Today I was thrown in the fire.
I mean, I got to be the teacher’s assistant in one of the early childhood classrooms at Amy’s Montessori school, as a sort of test or practice or something as I apply for the job for next school year. The original plan was that I would be working with the regular teacher while the regular assistant subbed for Amy’s teacher who’s absent this week. But the regular teacher was absent, so the regular assistant played teacher while I played assistant.
I was nervous anticipating this day. And then I got there and sat on line with kids while other kids were arriving. One kid who barely knows me (I was at her friend’s birthday party quite a while ago) attached herself to me in a possessively cuddling side-sit, and helped me learn all the other kids’ names. And I felt welcome and potentially competent — names was one of the things I had been worried about.
And then, one by one, the kids were released to go begin work. In a Montessori early childhood classroom, kids work independently. They select some self-contained activity from a shelf in the language, art, culture, practical life, or (isn’t there a fifth area? science?) area, take it to a low table or the floor (using a small rug to define a working space), do the activity, put it away, and choose another one. Theoretically, it works. In reality, it works — I’ve observed enough to see it working beautifully.
Today? It did not work very well. There were two pairs of boys, and a pair of girls, and several individuals, who spent most of their time wandering the room, being loud, doing things that are not supposed to be done in the classroom, such as cartwheels, ninja fighting, even hide and seek, or just standing around talking. I would try, as directed, to go to them and endeavor to move them toward work — “what work are you going to do?” was my standard strategy — and most of the time the standard response was a glazed, set look and / or moving away from me. And I just didn’t quite know how to manage that.
Classroom management has NEVER been my strong point. Even when I had a class of six students, at the homeschool co-op I taught at in Virginia, the class felt like a group to me and not like six individuals. Similarly, here, I never felt I could give anyone my undivided attention — I felt I needed to have eyes elsewhere, or even interrupt my peaceful and productive exchange with one child (like possessive cuddle girl, who spent the day sitting with a map work that she would not do unless a teacher was with her, even though she was clearly capable of working it out herself) in order to deal with something less peaceful elsewhere.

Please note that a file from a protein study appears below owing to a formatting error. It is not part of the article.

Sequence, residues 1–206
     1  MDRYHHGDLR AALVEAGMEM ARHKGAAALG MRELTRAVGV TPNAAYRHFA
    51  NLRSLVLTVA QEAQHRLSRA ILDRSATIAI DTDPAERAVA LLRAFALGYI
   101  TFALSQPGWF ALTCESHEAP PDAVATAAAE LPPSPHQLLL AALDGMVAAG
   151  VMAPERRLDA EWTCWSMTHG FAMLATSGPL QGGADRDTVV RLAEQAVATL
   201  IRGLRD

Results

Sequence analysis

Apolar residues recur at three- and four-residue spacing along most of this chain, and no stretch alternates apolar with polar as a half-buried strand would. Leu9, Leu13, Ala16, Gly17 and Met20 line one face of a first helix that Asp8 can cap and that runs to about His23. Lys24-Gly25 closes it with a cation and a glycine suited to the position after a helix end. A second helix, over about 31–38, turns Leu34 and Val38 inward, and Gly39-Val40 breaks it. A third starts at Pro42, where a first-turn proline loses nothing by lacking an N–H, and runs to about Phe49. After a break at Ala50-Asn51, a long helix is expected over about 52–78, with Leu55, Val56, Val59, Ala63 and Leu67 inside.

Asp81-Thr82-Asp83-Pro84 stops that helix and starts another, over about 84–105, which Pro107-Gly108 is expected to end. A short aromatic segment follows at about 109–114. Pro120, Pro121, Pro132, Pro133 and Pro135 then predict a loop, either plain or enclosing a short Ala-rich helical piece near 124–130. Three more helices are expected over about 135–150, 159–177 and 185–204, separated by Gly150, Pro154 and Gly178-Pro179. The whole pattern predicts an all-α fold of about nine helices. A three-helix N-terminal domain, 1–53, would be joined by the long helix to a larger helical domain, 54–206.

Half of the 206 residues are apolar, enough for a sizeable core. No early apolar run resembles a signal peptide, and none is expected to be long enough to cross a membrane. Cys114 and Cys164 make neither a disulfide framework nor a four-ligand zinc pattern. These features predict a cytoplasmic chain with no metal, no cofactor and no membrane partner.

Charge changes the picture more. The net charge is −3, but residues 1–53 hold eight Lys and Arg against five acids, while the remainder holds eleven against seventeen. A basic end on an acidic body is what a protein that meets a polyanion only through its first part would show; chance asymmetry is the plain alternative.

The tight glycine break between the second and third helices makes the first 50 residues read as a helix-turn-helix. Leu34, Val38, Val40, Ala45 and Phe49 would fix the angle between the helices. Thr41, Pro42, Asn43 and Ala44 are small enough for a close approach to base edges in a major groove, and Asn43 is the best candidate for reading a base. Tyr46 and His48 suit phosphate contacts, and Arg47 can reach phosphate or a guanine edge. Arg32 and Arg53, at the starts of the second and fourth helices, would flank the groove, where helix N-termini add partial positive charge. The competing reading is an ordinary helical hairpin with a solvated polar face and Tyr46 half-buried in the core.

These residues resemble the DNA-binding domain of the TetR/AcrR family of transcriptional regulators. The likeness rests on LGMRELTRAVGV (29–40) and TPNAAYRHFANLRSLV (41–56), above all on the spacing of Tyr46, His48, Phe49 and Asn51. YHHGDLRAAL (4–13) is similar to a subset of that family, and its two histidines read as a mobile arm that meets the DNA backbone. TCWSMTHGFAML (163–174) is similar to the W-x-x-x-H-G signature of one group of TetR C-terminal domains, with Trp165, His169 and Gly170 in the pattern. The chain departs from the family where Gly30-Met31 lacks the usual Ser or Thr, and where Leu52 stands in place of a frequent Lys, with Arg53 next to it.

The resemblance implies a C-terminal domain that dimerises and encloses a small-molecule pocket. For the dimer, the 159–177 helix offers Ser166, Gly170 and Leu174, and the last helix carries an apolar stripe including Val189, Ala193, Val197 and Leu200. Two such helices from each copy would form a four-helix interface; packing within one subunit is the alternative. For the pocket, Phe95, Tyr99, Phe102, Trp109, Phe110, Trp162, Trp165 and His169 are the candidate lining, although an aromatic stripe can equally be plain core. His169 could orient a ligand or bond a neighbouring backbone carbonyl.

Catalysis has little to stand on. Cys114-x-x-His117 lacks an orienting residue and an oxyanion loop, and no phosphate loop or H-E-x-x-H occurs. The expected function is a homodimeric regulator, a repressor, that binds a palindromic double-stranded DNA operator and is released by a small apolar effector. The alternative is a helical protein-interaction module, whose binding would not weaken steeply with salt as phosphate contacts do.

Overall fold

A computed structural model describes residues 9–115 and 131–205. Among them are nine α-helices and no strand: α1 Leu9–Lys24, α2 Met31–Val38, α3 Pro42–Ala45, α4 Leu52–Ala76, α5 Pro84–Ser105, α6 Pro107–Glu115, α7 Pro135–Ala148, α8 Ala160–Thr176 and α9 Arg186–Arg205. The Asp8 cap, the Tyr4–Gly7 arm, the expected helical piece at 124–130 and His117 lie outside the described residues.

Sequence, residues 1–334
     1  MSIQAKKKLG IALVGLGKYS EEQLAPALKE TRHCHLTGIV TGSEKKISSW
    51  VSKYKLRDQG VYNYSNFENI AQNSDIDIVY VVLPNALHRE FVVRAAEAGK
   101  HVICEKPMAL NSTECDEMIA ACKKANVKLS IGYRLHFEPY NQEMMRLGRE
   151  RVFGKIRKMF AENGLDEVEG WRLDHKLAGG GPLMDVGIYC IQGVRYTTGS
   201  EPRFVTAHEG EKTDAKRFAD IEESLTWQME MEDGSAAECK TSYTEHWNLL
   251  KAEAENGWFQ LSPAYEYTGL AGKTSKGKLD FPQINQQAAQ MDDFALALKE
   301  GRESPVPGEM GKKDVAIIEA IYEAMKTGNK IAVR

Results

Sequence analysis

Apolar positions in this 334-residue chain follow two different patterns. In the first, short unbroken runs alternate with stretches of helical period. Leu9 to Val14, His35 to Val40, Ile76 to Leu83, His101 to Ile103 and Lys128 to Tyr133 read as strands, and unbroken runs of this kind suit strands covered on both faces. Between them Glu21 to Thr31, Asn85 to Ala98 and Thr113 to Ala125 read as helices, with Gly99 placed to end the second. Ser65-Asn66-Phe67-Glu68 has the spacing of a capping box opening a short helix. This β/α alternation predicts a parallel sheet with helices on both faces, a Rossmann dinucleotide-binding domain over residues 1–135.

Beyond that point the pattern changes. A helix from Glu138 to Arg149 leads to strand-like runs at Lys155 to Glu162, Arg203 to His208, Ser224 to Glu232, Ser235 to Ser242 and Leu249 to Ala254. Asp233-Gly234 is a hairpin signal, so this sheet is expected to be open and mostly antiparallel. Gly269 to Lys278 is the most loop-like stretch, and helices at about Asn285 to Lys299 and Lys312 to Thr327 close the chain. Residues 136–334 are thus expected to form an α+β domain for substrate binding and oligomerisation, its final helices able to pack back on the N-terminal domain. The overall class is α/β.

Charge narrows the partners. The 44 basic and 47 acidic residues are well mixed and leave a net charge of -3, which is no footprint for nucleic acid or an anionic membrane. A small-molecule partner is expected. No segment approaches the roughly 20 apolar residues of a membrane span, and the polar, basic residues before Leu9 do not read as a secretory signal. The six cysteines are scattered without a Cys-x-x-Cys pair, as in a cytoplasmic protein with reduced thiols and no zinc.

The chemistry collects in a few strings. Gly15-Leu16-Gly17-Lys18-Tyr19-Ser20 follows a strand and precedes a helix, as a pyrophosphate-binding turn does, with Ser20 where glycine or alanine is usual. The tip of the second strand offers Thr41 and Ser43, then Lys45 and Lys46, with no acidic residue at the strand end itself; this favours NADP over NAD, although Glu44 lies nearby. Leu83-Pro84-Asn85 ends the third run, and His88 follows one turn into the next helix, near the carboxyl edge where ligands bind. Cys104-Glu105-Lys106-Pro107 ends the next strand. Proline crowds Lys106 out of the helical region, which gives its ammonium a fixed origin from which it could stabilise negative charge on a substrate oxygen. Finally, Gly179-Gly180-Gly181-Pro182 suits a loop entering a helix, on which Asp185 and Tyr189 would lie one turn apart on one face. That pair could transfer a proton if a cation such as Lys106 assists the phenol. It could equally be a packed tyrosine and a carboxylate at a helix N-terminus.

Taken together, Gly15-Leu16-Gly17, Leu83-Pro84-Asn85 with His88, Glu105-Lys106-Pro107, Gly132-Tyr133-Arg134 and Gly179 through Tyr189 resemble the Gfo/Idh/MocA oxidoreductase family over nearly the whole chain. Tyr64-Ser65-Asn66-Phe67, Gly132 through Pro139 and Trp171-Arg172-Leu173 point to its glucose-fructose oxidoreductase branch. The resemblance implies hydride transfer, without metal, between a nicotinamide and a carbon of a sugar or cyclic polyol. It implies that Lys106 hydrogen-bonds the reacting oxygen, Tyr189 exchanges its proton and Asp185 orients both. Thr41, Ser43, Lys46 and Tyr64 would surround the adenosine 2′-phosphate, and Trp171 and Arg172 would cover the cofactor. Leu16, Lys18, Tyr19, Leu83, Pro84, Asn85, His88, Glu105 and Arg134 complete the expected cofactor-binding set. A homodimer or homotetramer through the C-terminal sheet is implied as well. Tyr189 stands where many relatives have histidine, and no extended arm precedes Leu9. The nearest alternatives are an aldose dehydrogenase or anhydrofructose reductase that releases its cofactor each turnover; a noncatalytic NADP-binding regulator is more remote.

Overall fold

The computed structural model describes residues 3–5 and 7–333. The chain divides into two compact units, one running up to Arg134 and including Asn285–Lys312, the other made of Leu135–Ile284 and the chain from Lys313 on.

In a way, I would have liked to have chosen one student and followed through with him until he was seated and actively pursuing his work. Maybe it would involve just sitting with him a while and getting to know him and to show him that I was someone who found him interesting for his own self and not just as a student to manage. In a way, I felt out of sorts, like I was trapped in opposition instead of invitation, support, encouragement, etc. I suspect there really is a way to guide a child to a work without it feeling like opposition to either child or teacher — that’s something I’d really like to learn more about. Because today I felt like I was trying to pry kids away from what they wanted to do, and make them do something else against their will, and that doesn’t feel good to anyone. (If I was starting to feel like certain kids were my enemies, I bet they were starting to feel like I was their enemy, too!) Again, I’m not saying kids should be able to do cartwheels in a small classroom where they could easily run into furniture or run over a friend. But that there ought to be a way to approach such a kid, and talk to her, in a way that would help her tune into her own inner motivation to choose something appropriate for the time and place. And there ought to be a way to approach such a kid in such a way, without “letting” chaos rule in the rest of the classroom in the meantime.
I suppose, too, that some days it’s just like this. The weather changes, someone comes in crying loudly, there’s a missing person and a new person… one or two kids behave differently, and it’s contagious. You breathe, and do the best you can.